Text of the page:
|The Story||The Authors|
|Sniff! Sniff! Sniff! Roger felt something wet in his ear. Snort! He opened his eyes and it was daylight. The snout of a large boar-like creature met his gaze. He was suddenly wide awake, woken from a deep slumber by the snorting and sniffing of a herd of wildebeastes that had roamed in and caught him napping. Giraffe meat must have as much tryptophan as Turkey he thought to himself. After stuffing his gord with meat he had found it hard to keep his eyes open and dozed off several yards away from the carcass, which was now being consumed and picked at by very large birds.|
|He lie still while the creature in it's curiousity sniffed and rooted around his being. Prodding, nuzzleing, making little nips at his clothing, the boar tried to decide whether this oddity was another food source. In his course of investigation he again moved toward Roger's face. Fearing a nip out of his cheek Roger found himself having to make a quick decision. A shout or harsh move could have set the animal into an attack mode. But as the creature sniffed toward Roger's face he suddenly turned his face directly toward the creature and made a harsh sniffing noise himself. The boar was surprised at this turn of events. He drew his head back startled but looked keenly at Roger unmoving. Again Roger made a snifing sound as though he too were of the same species. The boar was puzzled by this behavior. Roger glanced out of the corner of his eye to see that the other beasts were meandering off having grabbed what food they could from the scene and dragging it away with them. Only this fellow was staying in close range. Realizing he had momentarily confused the creature, Roger very slowly began to lift his head and shoulders from the ground never breaking eye contact with the boar. Knowing what had saved him up to that moment was not showing fear, he again sniffed in the direction of the creature's snout. His heart was pounding so hard he felt like the animal had to hear it. The boar turned it's head slightly to the side not sure that it wanted to be identified by this strange thing it did not recognize. Roger lifted himself a little further again sniffing in the direction of the creature. The boar again ever so slightly turned his head a little further from Roger's advance.|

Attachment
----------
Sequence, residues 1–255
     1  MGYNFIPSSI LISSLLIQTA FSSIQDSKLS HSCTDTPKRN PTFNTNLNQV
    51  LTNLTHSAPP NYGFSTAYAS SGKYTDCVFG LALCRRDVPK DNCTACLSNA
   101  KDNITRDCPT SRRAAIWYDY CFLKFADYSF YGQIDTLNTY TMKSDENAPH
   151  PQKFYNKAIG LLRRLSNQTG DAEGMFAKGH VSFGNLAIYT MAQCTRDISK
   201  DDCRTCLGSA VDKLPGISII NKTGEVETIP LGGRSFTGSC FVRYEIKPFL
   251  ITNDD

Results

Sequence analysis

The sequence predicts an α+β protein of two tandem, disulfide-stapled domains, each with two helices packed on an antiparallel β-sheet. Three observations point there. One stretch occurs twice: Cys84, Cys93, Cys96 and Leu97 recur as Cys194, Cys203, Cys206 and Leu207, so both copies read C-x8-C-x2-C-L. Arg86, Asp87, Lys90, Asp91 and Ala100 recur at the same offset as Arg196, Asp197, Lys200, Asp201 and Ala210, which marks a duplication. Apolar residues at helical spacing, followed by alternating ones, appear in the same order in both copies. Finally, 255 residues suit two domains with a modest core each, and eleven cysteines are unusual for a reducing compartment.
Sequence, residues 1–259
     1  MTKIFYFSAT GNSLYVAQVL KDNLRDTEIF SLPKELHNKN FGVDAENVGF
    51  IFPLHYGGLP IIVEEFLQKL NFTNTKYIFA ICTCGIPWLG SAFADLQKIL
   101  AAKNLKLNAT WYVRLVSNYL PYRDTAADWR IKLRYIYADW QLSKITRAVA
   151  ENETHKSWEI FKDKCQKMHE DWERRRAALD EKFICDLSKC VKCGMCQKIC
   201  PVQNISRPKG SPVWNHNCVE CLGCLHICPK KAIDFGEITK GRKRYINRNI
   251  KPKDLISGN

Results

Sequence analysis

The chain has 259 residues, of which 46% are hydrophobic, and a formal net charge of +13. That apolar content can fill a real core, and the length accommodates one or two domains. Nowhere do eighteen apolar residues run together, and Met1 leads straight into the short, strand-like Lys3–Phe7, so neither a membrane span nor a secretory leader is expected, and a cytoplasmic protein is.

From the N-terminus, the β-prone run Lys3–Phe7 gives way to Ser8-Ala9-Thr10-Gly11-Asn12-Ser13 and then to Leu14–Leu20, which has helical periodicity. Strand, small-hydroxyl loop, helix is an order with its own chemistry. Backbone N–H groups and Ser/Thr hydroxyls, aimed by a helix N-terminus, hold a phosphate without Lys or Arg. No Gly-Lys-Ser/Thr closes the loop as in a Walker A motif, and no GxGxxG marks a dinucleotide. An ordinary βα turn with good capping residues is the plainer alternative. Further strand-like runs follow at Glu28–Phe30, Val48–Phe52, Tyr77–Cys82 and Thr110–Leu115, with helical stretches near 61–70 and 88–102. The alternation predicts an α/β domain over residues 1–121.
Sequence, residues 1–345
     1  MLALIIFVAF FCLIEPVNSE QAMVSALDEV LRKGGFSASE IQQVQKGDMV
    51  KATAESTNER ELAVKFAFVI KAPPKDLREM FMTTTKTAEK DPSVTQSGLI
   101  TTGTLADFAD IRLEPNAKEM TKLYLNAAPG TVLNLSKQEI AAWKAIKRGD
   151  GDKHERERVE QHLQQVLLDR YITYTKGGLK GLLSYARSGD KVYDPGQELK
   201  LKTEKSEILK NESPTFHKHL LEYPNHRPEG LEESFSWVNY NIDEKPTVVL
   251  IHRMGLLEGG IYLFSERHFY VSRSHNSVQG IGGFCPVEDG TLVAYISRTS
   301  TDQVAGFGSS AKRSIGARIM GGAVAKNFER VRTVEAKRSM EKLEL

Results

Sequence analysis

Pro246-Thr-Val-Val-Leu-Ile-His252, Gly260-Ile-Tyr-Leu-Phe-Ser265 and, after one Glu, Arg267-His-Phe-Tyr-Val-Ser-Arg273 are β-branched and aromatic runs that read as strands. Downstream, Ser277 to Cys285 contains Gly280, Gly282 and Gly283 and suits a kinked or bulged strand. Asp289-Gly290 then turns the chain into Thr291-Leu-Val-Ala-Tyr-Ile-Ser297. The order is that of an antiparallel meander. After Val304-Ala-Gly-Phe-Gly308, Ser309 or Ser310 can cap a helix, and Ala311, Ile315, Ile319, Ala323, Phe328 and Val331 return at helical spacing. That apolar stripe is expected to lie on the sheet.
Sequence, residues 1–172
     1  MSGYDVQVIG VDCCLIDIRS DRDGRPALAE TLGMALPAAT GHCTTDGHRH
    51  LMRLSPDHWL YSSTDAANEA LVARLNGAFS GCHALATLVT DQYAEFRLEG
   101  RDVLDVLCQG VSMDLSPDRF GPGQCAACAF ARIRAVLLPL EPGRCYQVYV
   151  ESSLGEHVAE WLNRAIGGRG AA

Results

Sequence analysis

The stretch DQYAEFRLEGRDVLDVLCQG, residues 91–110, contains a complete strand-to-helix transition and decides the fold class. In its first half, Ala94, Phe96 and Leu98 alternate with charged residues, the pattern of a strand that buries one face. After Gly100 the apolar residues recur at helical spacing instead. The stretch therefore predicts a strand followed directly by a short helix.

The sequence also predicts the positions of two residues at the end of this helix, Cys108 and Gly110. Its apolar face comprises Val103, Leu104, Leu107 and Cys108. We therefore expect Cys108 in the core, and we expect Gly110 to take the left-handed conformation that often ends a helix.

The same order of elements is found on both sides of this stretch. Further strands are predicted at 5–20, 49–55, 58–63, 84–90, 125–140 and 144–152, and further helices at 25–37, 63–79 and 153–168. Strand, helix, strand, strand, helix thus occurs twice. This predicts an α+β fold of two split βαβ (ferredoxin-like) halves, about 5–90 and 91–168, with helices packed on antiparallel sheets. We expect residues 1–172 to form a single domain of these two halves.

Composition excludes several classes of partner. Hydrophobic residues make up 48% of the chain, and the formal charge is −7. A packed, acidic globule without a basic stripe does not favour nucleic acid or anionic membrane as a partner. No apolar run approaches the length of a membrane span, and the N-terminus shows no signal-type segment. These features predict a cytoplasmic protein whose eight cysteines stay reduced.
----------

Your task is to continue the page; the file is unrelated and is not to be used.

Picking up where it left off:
|~*~ "Cut!" The director looked at the actor, and the boar, and decided it was all a great big bore. "This will never do!" he exclaimed.|
|"I'm looking for emotion, people." He continued on in this vain for a great deal of time, ending (finally) on his knees in tears.|
|Realizing himself in imminent danger, Roger snapped himself from this cinematographic reverie as a plan began to form in his mind.|
|He sized the boar up. "You're pretty squat there, fella. Fat, too. Stubby legs. I ain't scared a you. And Hell, at least you're not one a them confounded Fictional Five wenches, them busybody womens who don't know when to keep their noses outta a story where they ain't wanted. I drives a man plumb crazy, it do!" He wiped the sweat from his forehead. The boar finished its snuffling and rooting among the stinking rmeains of the giraffe, surveyed Roger with a look of undisguised malice, lowered its head and prepared to charge.|
|For some reason the only thing Roger could think about was the old joke about how do you stop a rhino from charging. Unfortunately, this was neither the time nor the place for that joke, so instead he squared his shoulders and cleared his throat, "Knock, knock," he said.|
The boar paused for a moment looking Roger over suspiciously. It clawed
the earth in front of it restlessly waiting for Him to continue.|
"Umm... I said, "Knoc, Knock" continued Roger nervously.
The boar let loose a steamy snort that Roger interpreted to mean "Who's there?"
Frantically combing through the dented cardboard box labelled Knock-Knock Jokes inb the basement of Roger's
memory, he mananged to emit a weak "Water," |
"Water who?" snorted back the boar with marked impatience. "Water you think that is coming towards us?" he said, pointing toward the stand of trees directly behind the boar. While the boar turned to look, and stood there, dumbly, looking at the absolute nothing that was coming towards them, not getting the joke which had been played on him, and when he turned back to Roger to express his puzzlement, he found, of course, that Roger, that sly trickster, had long since stolen into the undergrowth and fled the scene.